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Balancing Privacy, Dignity and Safety in the use of Surveillance Technologies for the Care of Elderly with Dementia

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This paper offers an ethical analysis of a case study focusing on the use of surveillance technologies for the care of elderly with dementia at a nursing home in Denmark. The tendency to wander away from home is a dangerous and recurring event at the care center, and it is crucial for the care staff to manage and, if possible, even prevent this from happening. Care centers try to provide solutions through different methods, including using technologies for monitoring and tracking individuals.

However, a number of difficulties can be identified, not simply concerning legal limitations or technological challenges, but more importantly about sustaining a secure and dignified life for elderly with dementia. How can we create safety and security for citizens with dementia while still protecting their dignity and privacy? The technologies available to prevent wandering may create unwanted knowledge which can violate an individual’s privacy (Macklin, 2003). The care staff may also become participants in a surveillance situation in which they risk losing their autonomy at work. As such, surveillance technologies come with ethical ambivalence. As instruments of both control and care, it can often be difficult to draw the line between acceptable and unwarranted surveillance (Lyon, 2001). The use of surveillance technologies thus requires ethical decision, as it creates ethical scenarios which must be considered (Albrechtslund, 2007).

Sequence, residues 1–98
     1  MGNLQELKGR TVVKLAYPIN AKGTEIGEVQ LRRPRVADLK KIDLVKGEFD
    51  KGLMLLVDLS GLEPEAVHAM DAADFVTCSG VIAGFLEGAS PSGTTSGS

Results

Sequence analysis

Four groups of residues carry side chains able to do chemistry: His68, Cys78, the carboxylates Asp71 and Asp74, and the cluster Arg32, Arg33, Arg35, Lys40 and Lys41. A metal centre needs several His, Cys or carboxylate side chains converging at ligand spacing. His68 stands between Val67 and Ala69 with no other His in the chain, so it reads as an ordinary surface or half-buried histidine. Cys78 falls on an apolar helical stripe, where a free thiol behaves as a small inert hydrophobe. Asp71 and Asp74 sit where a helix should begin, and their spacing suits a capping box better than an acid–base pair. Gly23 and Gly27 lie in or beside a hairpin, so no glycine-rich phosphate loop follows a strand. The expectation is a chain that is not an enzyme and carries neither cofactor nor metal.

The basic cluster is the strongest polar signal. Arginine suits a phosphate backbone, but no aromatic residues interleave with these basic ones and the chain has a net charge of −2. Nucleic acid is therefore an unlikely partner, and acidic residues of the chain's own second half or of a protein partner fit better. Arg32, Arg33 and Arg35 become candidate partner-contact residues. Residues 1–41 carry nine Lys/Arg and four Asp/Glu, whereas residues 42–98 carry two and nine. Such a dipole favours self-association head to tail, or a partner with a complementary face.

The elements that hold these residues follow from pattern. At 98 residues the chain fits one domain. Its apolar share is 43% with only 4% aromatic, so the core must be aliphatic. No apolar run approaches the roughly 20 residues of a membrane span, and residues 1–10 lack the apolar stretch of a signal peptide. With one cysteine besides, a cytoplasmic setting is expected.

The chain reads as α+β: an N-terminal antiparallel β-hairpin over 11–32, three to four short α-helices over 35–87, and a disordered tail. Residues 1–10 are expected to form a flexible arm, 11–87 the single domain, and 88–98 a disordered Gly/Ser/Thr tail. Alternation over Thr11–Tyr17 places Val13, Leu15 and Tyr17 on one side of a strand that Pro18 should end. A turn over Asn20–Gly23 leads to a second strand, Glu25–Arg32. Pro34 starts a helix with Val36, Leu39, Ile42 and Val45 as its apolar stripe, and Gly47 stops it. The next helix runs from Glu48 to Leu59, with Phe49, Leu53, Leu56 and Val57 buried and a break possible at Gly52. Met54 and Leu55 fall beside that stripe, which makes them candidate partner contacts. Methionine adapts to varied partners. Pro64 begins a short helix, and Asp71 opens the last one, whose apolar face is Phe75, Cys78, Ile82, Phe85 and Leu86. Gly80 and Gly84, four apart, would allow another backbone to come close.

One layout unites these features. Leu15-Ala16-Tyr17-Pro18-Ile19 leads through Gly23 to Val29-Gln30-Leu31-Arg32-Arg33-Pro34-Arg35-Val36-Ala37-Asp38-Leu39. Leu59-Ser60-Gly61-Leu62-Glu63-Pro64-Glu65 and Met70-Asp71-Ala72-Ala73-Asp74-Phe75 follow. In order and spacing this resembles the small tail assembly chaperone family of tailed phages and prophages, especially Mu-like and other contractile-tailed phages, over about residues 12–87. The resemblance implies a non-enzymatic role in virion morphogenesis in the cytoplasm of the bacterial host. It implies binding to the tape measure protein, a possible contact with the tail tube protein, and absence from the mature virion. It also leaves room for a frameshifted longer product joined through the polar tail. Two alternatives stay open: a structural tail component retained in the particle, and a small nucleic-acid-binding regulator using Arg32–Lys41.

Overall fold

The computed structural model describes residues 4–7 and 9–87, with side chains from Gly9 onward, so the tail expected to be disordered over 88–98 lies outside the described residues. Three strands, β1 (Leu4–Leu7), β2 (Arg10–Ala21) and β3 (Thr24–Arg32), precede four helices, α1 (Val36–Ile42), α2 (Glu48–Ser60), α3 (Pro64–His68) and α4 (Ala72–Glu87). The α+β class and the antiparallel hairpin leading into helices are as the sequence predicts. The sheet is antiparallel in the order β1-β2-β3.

In the paper, we discuss the possible balance between ethical and safety concerns in using surveillance technologies in the care for elderly with dementia, and we investigate approaches to and materials for involving care staff and other relevant actors in considering the ethical dilemmas in the care for dementia patients.

Albrechtslund, A. (2007). Ethics and Technology Design. Ethics and Information Technology, 9(1), 63–72.
Lyon, D. (2001). Surveillance Society. Buckingham: Open University.
Macklin, R. (2003). Dignity is a Useless Concept: It means no more than respect for persons or their autonomy. BMJ: British Medical Journal, 327(7429), 1419.
Original languageDanish
Publication year2021
Publication statusPublished - 2021
EventThe Society for Philosophy and Technology Conference 2021 - UCLille, Lille, France
Duration: 28 Jun 202130 Jun 2021


ConferenceThe Society for Philosophy and Technology Conference 2021
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    Research areas

  • Dementia

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